Life Itself

Life Itself

A Memoir

Audiobook CD - 2011
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From the godfather of mainstream film criticism and the first critic to win a Pulitzer Prize comes the eagerly anticipated memoir, "Life Itself". Roger Ebert is perhaps the most famous and powerful of American film pundits with a career that has spanned more than 40 years. Life as he knew it came to an abrupt end several years ago when he suffered complications following surgery for thyroid cancer and lost the ability to eat, drink and speak. In this moving and memorable book, Ebert writes about his remarkable life and his adjustment to the profound and all encompassing condition that he lives and works around.
Publisher: [New York] : Hachette Audio, [2011]
Copyright Date: ℗2011
ISBN: 9781609410353
Branch Call Number: CD 927.9143 EBE
Characteristics: 12 sound discs (approximately 14 hr.) :,digital ;,4 3/4 in.
Additional Contributors: Herrmann, Edward 1943-2014

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hoacornell
Mar 12, 2017

Once you get into the accounts of Lee Marvin and John Wayne, you have hit the diamond load of the best material Roger Ebert ever wrote. You see he believed you didn't ask questions of stars, but rather allowed them to speak their own minds. He did this by visiting the dressing rooms, on the sets, in restaurants or at their homes. Their is a side of Roger Ebert that I wasn't aware of, that the man had a keen wit. Yes, the background of his childhood and his relationship with Russ Meyer are boring, but whose life doesn't have those moments? Overall, an excellent audio book!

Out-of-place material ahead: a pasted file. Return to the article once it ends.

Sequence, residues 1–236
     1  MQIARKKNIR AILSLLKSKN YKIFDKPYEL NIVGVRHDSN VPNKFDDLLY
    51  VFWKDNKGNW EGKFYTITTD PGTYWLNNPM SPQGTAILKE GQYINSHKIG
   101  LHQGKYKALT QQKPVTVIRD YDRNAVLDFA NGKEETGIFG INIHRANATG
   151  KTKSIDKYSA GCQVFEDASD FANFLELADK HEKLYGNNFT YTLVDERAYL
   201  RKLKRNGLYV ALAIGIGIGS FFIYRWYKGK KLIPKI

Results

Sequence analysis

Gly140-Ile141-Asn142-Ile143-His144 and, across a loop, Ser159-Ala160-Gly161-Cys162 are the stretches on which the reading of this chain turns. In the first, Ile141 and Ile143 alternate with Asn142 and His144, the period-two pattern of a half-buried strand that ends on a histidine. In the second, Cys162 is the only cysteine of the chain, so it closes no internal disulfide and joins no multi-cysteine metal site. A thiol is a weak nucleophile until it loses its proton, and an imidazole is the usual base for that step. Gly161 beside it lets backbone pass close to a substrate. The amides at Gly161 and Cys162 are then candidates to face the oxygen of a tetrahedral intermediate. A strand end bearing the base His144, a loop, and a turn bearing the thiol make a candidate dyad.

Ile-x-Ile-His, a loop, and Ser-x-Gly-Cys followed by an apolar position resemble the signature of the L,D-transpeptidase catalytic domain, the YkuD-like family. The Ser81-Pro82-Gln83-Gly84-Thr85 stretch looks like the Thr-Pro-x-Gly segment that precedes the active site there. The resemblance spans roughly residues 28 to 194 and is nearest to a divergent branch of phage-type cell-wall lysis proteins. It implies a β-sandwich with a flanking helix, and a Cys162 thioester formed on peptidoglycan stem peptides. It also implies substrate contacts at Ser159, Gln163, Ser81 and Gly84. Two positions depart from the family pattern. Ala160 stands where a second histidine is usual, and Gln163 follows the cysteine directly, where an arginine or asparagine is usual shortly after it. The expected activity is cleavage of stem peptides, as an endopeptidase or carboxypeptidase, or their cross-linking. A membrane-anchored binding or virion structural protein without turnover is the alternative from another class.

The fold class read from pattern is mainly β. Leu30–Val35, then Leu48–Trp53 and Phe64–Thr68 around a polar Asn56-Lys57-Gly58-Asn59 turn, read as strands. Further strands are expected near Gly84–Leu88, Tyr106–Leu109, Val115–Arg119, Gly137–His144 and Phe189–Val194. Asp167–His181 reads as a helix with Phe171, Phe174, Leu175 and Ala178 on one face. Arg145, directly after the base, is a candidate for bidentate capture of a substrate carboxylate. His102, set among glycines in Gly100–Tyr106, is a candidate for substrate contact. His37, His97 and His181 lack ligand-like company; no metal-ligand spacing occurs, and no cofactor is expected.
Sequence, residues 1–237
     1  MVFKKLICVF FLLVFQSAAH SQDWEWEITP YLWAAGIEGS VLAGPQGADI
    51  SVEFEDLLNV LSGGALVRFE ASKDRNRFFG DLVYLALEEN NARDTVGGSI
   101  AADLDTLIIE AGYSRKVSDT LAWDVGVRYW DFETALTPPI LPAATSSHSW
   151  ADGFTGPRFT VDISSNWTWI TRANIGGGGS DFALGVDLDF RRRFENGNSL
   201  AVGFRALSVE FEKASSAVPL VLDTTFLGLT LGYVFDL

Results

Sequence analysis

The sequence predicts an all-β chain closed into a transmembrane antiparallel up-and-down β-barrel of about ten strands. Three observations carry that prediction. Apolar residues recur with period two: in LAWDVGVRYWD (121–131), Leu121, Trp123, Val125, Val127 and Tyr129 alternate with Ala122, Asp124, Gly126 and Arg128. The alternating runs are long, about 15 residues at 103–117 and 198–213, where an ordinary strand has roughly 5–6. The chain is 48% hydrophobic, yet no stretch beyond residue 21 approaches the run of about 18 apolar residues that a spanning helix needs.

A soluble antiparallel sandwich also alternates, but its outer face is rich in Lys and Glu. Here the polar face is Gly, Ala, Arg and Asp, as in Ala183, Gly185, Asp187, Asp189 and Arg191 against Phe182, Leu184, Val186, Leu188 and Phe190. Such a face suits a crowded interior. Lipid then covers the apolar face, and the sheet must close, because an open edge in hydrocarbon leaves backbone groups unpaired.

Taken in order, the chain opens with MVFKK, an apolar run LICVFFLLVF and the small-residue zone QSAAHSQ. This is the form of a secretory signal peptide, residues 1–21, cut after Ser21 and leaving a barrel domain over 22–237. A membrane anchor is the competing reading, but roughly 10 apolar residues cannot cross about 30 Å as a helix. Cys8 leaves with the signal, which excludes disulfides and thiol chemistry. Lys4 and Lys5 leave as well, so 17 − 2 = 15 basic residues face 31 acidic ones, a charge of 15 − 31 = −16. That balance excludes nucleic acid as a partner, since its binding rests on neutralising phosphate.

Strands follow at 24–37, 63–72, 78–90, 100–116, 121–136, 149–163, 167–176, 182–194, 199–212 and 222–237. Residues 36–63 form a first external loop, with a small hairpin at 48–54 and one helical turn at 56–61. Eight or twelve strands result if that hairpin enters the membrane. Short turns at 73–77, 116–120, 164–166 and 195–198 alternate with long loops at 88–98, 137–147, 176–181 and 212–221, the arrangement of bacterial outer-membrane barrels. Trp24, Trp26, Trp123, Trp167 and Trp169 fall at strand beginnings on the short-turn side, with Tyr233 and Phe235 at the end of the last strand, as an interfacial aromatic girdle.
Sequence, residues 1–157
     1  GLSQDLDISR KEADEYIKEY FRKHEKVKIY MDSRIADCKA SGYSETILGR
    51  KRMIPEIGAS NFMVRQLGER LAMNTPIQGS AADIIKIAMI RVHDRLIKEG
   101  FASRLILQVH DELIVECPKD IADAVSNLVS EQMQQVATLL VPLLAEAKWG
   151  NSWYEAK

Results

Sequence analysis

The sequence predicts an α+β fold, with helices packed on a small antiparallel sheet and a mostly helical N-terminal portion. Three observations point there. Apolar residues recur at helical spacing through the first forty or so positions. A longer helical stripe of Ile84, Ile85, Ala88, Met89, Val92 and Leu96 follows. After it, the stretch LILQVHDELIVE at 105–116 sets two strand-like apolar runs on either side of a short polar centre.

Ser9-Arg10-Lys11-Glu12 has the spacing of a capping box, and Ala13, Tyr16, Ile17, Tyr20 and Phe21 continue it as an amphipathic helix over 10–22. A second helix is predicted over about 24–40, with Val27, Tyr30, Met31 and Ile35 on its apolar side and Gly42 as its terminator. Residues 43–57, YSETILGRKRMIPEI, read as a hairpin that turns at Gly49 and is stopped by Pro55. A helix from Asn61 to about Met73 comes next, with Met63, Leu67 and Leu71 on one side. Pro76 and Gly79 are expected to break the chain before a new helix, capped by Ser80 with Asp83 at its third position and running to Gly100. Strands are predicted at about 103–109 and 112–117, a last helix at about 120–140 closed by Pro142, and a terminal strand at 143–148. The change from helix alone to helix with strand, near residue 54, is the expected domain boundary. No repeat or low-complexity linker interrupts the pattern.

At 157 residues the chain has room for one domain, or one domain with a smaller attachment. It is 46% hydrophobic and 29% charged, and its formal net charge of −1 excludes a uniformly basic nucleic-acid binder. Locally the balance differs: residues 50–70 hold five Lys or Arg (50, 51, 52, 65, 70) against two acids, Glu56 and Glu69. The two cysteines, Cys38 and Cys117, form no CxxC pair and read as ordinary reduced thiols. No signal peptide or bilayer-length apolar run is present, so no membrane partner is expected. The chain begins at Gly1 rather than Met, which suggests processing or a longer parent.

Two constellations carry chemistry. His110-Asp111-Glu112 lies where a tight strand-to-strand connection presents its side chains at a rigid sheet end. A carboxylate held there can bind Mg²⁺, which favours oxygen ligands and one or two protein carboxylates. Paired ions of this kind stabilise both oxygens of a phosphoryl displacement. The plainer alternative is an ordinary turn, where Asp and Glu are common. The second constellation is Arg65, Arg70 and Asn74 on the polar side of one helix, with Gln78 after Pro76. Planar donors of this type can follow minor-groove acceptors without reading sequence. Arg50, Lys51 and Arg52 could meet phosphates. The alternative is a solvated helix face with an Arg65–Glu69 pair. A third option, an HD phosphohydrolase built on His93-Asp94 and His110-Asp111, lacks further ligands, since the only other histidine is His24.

s
smichal
May 26, 2012

I skipped some tedious parts, like when Ebert described his sex life (GROSSSSS - too much information) or some long descriptions of actors and directors that I didn't know... or his strange account of Russ Meyer - that guy's movies are WEIRD and gross.

As for the CD version, I didn't like that audio guy's voice. Has anybody ever heard anyone pronounce "oscillating" as os-KILL-ating? Gosh! Also he was not too good at doing the various accents encountered on Ebert's travels.

I liked the parts about eating at restaurants in the old days, making stamps, working with Siskel, meeting David Letterman, Chaz's devotion, etc. I'm sentimental about Ebert after seeing him on TV all these years. I hope he lives a long, long time and the cancer doesn't return.

PS the part that almost made me cry: when Ebert and his classmates laughed at a black girl who had lightened her hair. The way that Ebert looked back on it, like how she probably dyed it with her mom or sisters and they complimented her, and then she showed up at school and got teased... wow, it brings a tear to my eye. Kids sure are cruel.

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